• Avery Horton says:

      INCOME LESS EXPENSES = X. To increase X, you can increase INCOME, reduce EXPENSES or both. The problem with most people is that when INCOME increases, so do their EXPENSES. Time to tighten the belt, Keith, or be stuck in the rat race. LIFE IS CHOICES – CHOOSE WISELY.

      • Keith Sims says:

        My belt is plenty tight. Retired 40k of debt the past two years. My family of four lives in a 900 sq. foot town home. we go out maybe 2-3 times a years for dinner and a movie. Hardly extravagant. We are a one car and one income family as of last year because we decided we could do a better job of raising my son than the state. I contend that the only way to break out of this cycle of mediocrity is to work for myself. Working for someone else is being stuck in the rat race.

        • Jean says:

          You're pointing out the direct expenses you pay, such as retiring debt, your mortgage and your few extravagances. However, have you checked your tax bills lately? I'm guessing that much of your income goes to fund your state and local governments in the form of property taxes, gasoline taxes, auto excise and license plate taxes, sales taxes and just-for-the-heck-of-it taxes. You may want to explore the possibility of moving to a lower-tax area of the country. I would venture that the government educational system will be equal to or better than you have right now but your overall quality of life would be improved (not to mention your financial status, even if your income remains the same.) I'm not discounting self-employment as a pathway to financial freedom, but before you take that plunge (I have, and sure as anything, Murphy came to visit shortly thereafter) explore the avenues you have at hand for wealth-building.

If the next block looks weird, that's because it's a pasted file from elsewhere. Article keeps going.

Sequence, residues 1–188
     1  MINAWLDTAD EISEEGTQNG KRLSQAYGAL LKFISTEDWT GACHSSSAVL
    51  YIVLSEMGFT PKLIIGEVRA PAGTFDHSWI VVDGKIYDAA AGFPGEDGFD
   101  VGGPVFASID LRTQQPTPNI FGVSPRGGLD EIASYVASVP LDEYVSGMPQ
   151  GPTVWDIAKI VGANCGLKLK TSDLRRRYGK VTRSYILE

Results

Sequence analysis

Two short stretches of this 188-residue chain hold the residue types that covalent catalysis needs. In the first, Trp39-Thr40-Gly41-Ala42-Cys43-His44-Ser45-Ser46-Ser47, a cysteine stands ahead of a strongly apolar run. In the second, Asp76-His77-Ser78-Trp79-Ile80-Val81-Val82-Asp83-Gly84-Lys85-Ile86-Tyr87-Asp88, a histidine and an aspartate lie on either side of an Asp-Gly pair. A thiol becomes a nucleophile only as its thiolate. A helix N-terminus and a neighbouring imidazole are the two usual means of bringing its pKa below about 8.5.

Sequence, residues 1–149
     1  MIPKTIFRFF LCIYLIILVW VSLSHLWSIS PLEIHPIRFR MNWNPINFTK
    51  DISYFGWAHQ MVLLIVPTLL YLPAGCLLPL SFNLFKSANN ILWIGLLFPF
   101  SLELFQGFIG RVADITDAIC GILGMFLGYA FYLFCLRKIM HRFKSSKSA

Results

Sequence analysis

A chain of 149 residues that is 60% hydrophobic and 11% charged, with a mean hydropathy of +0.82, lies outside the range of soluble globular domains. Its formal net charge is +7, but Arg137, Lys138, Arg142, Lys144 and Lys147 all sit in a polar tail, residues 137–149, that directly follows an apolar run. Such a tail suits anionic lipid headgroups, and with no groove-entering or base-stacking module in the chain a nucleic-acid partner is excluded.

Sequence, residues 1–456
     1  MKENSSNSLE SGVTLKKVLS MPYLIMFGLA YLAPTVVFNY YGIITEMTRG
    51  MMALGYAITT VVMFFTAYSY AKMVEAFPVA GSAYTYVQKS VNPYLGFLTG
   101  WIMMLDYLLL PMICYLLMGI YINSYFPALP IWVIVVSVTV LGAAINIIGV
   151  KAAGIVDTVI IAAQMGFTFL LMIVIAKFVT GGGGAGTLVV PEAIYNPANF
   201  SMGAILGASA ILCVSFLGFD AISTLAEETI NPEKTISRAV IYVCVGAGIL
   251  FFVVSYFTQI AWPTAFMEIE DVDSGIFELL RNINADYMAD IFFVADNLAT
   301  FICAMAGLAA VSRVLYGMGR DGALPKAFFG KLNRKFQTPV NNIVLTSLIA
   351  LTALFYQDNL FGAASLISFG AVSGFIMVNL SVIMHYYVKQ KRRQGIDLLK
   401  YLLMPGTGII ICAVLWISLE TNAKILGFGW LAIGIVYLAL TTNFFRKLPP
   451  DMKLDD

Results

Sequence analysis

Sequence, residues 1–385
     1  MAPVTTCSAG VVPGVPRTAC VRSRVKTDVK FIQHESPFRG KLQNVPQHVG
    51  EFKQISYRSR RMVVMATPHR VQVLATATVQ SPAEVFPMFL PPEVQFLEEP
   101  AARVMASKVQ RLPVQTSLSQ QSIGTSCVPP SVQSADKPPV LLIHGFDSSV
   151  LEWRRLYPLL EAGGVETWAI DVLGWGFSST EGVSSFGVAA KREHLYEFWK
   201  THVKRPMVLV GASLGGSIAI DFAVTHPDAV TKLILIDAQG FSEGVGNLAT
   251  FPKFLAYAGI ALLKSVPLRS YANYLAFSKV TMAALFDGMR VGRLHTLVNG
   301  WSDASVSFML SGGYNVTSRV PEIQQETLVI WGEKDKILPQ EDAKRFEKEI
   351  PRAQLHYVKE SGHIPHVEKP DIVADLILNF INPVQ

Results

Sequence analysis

• Keith Sims says:

            Right you are Jean. Someone calculated the tax burden in MD from O'Malley's 40 special sessions, where he and the legislature added numerous hidden fees and taxes on the residents of this state. It amounts to 4500 per resident. Pretty significant if you live here for ten or twenty years. Have plans to move west in about 2 years. A nice house in Plano, TX, for example, with 2500 sq. ft. can be had for less than what my 900 sq. ft. home in MD costs. Taxes in UT are among some of the lowest in the country. If I could give a young person one piece of advice to get ahead it would be to avoid high tax/fee states.